Until December last year, the BSF reported around 70 UAV sightings along India’s 3,323-km international border and LOC
Both the central government and top officials of India’s security establishment are seized of the threats posed by UAVs to India’s security. But they are struggling to procure or manufacture strong and effective anti-drone technologies. It is to the credit of BSF troops that they are handling the threat of enemy and rogue drones with the limited resources at their disposal.
“Drones are a cause of concern,” said Pankaj Kumar Singh, director general, BSF, in December last year at a press conference. “The drones that are coming (in)to our country are fairly small and these are, by and large, Chinese-made drones carrying small payloads. This year alone there have been 67 drone sightings. We have been able to shoot down two, but it is a next to impossible task to track and shoot down every moving drone.” Further, the enormous length of India’s border with Pakistan, which passes through hilly terrain, scorching desert, marshes and salt flats, makes it virtually impossible to instal anti-drone countermeasures along the entire line of demarcation. “Covering the entire 2,300 km of the India-Pakistan border with anti-drone technology may not be possible as it will cost a lot,” added the BSF director general. The number of UAV intrusions last year quoted by security officials pertain to those that were either detected or shot down by Indian troops. The number of intrusions that went undetected is anybody’s guess.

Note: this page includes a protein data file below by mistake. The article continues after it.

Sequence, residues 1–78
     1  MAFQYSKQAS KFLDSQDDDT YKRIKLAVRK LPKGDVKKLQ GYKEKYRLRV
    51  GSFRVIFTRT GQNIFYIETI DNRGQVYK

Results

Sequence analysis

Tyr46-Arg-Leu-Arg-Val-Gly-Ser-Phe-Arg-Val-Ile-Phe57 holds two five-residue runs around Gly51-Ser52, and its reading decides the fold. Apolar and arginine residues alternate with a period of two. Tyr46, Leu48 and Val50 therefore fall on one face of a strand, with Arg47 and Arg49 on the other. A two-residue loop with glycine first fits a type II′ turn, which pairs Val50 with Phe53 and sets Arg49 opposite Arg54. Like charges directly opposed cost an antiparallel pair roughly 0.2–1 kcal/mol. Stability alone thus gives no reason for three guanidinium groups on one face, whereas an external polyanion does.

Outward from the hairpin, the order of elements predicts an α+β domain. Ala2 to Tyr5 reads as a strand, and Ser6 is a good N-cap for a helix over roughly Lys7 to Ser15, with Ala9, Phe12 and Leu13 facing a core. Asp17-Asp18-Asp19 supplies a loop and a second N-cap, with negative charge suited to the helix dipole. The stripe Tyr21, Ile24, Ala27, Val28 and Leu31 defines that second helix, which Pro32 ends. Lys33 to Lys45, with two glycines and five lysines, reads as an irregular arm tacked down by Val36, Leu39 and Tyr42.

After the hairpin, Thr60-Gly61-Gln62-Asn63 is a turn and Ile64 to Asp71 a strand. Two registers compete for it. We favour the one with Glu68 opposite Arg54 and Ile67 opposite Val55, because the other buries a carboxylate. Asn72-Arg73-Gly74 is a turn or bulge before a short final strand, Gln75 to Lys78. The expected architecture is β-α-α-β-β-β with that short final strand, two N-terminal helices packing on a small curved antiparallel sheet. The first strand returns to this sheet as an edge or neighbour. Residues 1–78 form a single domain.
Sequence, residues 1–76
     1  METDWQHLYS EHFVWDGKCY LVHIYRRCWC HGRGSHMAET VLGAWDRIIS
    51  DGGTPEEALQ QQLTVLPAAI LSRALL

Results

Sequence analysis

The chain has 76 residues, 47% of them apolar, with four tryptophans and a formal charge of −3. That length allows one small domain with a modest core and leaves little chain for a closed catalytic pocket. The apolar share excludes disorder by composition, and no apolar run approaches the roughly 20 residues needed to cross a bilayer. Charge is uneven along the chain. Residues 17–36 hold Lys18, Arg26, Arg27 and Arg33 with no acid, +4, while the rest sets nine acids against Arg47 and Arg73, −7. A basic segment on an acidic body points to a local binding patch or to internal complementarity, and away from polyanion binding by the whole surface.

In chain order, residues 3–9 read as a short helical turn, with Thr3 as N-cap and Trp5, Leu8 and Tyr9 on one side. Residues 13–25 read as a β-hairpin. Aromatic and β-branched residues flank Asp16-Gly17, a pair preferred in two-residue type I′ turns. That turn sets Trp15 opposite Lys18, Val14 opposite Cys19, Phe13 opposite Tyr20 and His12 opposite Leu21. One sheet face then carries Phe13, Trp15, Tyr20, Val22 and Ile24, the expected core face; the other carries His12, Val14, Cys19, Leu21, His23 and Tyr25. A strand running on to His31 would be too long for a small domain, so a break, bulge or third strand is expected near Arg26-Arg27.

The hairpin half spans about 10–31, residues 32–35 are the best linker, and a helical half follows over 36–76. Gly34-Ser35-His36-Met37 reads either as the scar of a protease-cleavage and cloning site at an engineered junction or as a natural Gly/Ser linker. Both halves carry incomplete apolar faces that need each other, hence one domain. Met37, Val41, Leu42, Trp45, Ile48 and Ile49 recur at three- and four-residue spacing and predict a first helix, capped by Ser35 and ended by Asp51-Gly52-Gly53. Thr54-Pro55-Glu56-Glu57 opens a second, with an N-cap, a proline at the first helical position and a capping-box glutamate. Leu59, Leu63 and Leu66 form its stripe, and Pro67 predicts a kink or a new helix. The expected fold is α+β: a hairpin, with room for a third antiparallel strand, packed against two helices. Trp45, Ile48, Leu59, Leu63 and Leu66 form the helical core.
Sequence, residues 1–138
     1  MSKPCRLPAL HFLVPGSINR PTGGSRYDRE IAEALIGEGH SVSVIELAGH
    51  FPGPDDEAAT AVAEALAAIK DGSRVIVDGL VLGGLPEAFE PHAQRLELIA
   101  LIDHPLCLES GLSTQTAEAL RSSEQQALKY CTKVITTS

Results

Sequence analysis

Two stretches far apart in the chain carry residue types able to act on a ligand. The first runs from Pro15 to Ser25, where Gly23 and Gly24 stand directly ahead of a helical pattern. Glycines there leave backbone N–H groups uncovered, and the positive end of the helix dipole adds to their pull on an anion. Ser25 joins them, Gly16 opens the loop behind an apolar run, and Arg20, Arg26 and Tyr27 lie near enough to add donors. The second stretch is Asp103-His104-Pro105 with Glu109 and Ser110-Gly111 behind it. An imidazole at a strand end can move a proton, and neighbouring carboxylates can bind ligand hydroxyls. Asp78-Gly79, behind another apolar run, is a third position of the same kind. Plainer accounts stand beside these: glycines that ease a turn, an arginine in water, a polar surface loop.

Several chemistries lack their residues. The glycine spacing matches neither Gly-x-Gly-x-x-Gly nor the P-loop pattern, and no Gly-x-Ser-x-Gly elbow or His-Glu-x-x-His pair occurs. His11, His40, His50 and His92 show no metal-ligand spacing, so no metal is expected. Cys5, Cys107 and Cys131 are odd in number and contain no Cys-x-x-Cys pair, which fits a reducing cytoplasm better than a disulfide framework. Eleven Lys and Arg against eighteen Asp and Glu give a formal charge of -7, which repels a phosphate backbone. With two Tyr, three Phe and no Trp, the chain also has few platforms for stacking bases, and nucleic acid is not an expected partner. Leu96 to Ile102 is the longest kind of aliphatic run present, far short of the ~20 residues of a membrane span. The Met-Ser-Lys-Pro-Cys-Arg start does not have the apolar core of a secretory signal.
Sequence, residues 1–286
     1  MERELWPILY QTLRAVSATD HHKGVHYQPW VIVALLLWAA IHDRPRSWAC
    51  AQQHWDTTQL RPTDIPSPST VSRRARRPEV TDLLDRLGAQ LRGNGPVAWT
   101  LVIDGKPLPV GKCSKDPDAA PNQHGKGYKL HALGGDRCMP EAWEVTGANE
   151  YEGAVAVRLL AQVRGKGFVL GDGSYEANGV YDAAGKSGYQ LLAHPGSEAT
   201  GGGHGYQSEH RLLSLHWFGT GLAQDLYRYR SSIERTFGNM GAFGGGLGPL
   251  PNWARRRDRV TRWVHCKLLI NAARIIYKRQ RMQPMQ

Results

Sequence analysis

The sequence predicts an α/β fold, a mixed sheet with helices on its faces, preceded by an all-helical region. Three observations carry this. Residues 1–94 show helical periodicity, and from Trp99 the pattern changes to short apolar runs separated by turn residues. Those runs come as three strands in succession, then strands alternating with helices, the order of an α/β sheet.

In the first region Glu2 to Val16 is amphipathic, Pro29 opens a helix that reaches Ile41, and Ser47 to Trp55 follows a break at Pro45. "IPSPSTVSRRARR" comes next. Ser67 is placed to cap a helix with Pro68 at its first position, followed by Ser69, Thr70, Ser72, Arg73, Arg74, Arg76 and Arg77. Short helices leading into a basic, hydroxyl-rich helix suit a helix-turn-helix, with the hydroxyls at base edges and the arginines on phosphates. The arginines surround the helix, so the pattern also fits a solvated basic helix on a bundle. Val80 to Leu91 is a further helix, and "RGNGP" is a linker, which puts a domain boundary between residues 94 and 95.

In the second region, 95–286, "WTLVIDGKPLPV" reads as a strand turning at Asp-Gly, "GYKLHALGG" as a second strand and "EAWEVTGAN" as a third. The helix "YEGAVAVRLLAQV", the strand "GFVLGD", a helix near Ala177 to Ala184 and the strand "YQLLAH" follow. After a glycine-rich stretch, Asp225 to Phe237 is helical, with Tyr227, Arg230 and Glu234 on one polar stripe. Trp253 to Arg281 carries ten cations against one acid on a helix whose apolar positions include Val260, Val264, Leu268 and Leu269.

India is in the process of installing anti-drone countermeasures along the border but, given the latter’s length, it will be a daunting challenge for the security establishment to make it drone-proof. “To be honest, we can’t rely on this technology only,” a senior BSF officer, responsible for securing the international border in Punjab, told Tatsat Chronicle on condition of anonymity. “It depends on sheer luck. If you have good ears and you detect the sound of the drone rotors in time, you can react. But one needs to be a very good marksman to shoot down a flying drone. It all depends on luck as technology can’t provide a foolproof guarantee of complete elimination of rogue drones into Indian airspace. Many times, these drones have successfully dropped arms and ammunition and contraband.”